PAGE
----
The sky darkened, taking on a green and eerie hue. Rumbles became crashes that made the whole ground vibrate. Brilliant flashes of light lit the inside of the chamber. Heavy spots of rain began to fall, slowly at first then turning into a torrent. The waterfall became a raging sheet. The stream swelled. Soon, in full spate, it hurtled along the narrow watercourse to the valley below. The rising waters obliterated all traces of his journey from the river. So heavy was the driving rain and hail, that any signs of his passing through the bracken were washed away. He had disappeared, quite possibly swept away by the flood.

Darkness came and Nerian ate a little. He dozed as the storm finally passed into the distance. Further rumblings and occasional flashes continued through much of the night. Intermittent periods of heavy rain fell, feeding the waters as they swept over the mouth of the cave. Inside, the water level had risen sufficiently to cover the ground some distance into the chamber.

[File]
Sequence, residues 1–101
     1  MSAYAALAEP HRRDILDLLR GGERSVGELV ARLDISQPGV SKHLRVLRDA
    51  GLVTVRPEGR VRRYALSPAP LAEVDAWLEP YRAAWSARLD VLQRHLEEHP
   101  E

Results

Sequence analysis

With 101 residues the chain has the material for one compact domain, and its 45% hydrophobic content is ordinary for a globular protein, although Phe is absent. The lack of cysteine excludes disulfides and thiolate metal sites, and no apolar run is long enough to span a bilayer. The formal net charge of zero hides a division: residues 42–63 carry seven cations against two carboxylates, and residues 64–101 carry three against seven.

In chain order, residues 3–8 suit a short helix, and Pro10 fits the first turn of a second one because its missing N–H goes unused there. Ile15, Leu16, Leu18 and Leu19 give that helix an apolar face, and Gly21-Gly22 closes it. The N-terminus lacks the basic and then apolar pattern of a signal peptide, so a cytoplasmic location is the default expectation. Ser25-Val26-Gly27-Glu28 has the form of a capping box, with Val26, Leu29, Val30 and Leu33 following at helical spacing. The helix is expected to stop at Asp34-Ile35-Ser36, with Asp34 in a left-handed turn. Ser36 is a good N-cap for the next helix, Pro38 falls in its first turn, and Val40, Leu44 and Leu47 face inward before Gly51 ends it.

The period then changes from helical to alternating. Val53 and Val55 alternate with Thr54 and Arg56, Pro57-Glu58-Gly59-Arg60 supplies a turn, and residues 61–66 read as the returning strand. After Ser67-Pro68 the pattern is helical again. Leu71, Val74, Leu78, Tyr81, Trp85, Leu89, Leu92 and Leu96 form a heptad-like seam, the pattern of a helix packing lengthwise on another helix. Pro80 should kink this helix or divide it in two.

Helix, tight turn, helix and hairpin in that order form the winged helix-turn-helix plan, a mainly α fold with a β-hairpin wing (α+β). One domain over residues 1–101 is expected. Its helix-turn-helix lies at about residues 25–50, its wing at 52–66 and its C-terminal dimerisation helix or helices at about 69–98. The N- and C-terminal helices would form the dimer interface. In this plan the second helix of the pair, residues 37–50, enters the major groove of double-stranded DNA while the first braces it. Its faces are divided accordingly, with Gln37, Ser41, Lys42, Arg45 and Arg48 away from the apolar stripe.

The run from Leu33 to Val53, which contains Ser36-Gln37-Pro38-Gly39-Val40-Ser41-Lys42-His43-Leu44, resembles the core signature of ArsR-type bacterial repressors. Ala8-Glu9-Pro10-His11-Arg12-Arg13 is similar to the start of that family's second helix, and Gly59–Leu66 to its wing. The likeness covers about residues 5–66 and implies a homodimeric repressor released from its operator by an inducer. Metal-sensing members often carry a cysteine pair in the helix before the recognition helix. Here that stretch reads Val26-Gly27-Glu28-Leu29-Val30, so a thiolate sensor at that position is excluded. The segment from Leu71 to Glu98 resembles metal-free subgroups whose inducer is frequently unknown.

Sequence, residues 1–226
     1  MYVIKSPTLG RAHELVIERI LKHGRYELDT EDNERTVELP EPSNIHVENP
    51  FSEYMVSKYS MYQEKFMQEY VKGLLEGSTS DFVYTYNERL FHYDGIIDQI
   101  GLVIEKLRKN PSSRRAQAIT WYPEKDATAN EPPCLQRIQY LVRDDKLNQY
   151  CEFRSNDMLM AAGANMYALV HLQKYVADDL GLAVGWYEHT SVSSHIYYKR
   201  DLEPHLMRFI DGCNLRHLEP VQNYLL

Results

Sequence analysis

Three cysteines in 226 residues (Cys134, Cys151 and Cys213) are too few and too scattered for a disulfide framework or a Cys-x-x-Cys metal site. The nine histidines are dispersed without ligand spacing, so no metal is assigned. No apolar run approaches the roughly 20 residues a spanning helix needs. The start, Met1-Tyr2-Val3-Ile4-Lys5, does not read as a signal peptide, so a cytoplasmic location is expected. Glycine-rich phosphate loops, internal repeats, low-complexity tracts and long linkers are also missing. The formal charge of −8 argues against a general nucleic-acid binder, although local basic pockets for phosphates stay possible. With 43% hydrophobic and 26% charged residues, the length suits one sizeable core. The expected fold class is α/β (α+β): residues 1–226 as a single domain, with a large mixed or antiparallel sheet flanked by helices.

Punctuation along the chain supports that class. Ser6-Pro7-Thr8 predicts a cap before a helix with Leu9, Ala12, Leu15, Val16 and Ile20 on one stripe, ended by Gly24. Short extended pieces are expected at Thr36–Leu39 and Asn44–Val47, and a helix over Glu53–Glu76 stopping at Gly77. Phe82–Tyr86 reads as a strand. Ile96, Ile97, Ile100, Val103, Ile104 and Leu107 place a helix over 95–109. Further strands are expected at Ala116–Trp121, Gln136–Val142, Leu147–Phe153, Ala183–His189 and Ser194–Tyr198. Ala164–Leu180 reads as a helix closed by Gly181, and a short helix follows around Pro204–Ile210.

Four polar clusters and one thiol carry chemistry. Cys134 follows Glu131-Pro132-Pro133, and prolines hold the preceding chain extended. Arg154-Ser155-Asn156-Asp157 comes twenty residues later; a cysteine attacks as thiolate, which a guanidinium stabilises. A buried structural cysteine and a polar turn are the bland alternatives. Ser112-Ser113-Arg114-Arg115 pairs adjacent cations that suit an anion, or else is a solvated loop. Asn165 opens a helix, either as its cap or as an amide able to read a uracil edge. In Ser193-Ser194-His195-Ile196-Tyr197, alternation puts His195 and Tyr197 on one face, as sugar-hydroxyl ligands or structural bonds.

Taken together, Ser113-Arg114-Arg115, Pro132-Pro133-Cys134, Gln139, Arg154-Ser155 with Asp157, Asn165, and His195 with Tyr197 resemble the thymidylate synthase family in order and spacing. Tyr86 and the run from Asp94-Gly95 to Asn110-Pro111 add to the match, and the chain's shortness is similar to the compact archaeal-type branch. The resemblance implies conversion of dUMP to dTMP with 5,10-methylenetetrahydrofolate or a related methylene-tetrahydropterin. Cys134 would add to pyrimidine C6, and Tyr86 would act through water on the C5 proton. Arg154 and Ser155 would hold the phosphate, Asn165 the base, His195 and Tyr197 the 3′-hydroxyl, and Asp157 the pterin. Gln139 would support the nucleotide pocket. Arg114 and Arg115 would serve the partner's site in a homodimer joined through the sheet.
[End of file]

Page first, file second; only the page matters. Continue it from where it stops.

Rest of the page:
His mind filled with his concerns. Was there something he knew that his pursuers sought, some knowledge he alone possessed? Perhaps they believed he had seen, or heard something they wanted to remain secret. From what he had been able to see, they had neither tortured nor questioned anyone at length. By contrast their searches had been thorough. They killed without mercy, but without undue cruelty. Whatever it was they thought he knew, it was of great significance to them - something so important they had to silence everyone with whom Nerian had been in contact. He had seen and heard many things, but he could not recall anything that might justify such violence. Whatever it was, it remained hidden deep within his mind.